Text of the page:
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I don’t want to call myself a victim. As I reflect on the past three years, I view myself as a survivor, because I have truly survived the unimaginable. Not only did I survive being shot by someone I trusted and considered a close friend, but I overcame the public humiliation of having my name and reputation dragged through the mud by that individual for the entire world to see.
For years, my attacker laughed and joked about my trauma. For years, my attacker peddled false narratives about what happened on the night of July 12, 2020. For years, my attacker tried to leverage social media to take away my power. Imagine how it feels to be called a liar every day? Especially from a person who was once part of your inner circle.
When I was younger, my parents warned me about being too trusting. My daddy used to say, “Just because somebody smiles in your face doesn’t mean they’re really down for you.” My parents emphasized the importance of protecting my spirit, but even as I went to school every day, I naïvely believed that everyone came with pure intentions and wanted to be my friend. Over the years, I realized that certain people didn’t need a logical reason to be hateful or mean, but my sympathetic side still wanted to give others the benefit of the doubt. Unfortunately, it took until this devastating experience for me to fully grasp the magnitude of my parents’ message back then.
I could have let the adversity break me, but I persevered, even as people treated my trauma like a running joke. First, there were conspiracy theories that I was never shot. Then came the false narratives that my former best friend shot me. Even some of my peers in the music industry piled on with memes, jokes, and sneak disses, and completely ignored the fact that I could have lost my life. Instead of condemning any form of violence against a woman, these individuals tried to justify my attacker’s actions.
I wish I could have handled this situation privately. That was my intention, but once my attacker made it public, everything changed. By the time I identified my attacker, I was completely drained. Many thought I was inexplicably healed because I was still smiling through the pain, still posting on social media, still performing, still dancing, and still releasing music.
The truth is that I started falling into a depression. I didn’t feel like making music. I was in such a low place that I didn’t even know what I wanted to rap about. I wondered if people even cared anymore. There would be times that I’d literally be backstage or in my hotel, crying my eyes out, and then I’d have to pull Megan Pete together and be Megan Thee Stallion.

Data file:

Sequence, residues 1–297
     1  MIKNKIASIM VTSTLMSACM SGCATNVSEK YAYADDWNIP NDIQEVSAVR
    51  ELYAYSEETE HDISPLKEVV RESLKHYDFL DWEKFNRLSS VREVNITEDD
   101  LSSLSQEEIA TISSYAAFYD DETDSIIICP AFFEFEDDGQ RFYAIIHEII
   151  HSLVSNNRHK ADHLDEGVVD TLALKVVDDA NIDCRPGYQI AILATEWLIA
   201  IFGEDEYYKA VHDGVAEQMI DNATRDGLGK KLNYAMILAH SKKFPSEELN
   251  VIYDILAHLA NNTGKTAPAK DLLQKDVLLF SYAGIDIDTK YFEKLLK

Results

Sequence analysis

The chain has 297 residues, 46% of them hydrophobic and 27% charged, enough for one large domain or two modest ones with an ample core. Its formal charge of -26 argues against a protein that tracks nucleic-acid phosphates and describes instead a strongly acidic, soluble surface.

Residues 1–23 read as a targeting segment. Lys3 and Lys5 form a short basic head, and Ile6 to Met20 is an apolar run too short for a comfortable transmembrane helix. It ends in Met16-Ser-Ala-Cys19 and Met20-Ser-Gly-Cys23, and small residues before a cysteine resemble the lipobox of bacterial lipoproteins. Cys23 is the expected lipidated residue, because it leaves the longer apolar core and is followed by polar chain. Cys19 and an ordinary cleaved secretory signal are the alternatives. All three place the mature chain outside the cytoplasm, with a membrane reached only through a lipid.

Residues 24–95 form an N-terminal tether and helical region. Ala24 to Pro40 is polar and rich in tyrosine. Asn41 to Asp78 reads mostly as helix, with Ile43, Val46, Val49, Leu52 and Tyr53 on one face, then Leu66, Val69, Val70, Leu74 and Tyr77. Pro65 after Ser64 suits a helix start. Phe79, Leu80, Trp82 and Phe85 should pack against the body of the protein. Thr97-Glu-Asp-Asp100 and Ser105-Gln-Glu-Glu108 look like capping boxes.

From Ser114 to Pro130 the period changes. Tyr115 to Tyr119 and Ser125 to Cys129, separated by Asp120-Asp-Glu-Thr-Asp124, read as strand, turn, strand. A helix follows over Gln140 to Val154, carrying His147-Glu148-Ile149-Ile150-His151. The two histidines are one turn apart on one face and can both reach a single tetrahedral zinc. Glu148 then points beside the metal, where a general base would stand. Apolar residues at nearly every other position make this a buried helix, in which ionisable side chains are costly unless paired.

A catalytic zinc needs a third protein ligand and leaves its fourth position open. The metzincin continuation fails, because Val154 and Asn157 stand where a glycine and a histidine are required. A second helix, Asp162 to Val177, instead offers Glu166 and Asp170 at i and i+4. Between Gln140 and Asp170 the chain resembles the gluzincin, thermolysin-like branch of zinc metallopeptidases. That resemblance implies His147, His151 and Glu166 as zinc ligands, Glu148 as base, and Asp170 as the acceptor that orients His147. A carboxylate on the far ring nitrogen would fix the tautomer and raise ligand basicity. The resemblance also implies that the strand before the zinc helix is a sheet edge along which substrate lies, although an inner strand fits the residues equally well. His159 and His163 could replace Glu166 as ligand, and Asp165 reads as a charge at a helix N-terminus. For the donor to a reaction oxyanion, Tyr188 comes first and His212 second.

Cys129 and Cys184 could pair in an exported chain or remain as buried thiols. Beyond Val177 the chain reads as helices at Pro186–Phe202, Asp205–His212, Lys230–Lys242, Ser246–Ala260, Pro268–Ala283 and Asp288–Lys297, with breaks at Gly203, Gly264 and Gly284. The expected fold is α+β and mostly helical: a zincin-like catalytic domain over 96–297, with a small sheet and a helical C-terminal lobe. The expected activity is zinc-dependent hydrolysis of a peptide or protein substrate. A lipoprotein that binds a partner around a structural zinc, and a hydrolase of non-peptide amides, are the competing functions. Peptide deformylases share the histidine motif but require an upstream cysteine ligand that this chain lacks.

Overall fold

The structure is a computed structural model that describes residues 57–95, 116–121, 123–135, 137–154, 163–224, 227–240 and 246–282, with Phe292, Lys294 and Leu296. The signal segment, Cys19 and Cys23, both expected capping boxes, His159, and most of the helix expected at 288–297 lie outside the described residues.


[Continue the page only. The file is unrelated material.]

It never crossed my mind that people wouldn’t believe me. Still, I knew the truth and the indisputable facts would prevail. I had worked way too hard to reach this point in my career to let taunts deter me. When the guilty verdict came on Dec. 23, 2022, it was more than just vindication for me, it was a victory for every woman who has ever been shamed, dismissed, and blamed for a violent crime committed against them.
But my heart hurts for all the women around the world who are suffering in silence, especially if you’re a Black woman who doesn’t appear as if she needs help. So many times, people looked at me and thought, “You look strong. You’re outspoken. You’re tall. You don’t look like somebody who needs to be saved.” They assumed that, per preconceived stigmas, “I didn’t fit the profile of a victim,” and that I didn’t need support or protection.
Time after time, women are bullied with backlash for speaking out against their attackers, especially when they’re accusing someone who is famous and wealthy. They’re often accused of lying or attempting to make money from their trauma. From firsthand experience, I know why a lot of women don’t come forward. Any support and empathy that I received was drowned out by overwhelming doubt and criticism from so many others.
These last few months, I’ve been healing after being in such a dark place. The physical and mental scars from this entire ordeal will always sting, but I’m taking the appropriate steps to resume my life. I’ve spent the last few months off social media and taking time off for myself, spending time with my dogs, hanging out with my manager, Farris, and doing a lot of praying.
Navigating these emotions without my mom or great-grandma has been challenging. Growing up, they always made me feel like I could dust myself off, get back up, and keep going. I still miss their guidance and reassurance. At the same time, I’m thankful that this situation brought me closer to one of my cousins. I talk to her every single day, but it never clicked that she was my best friend until I endured this experience.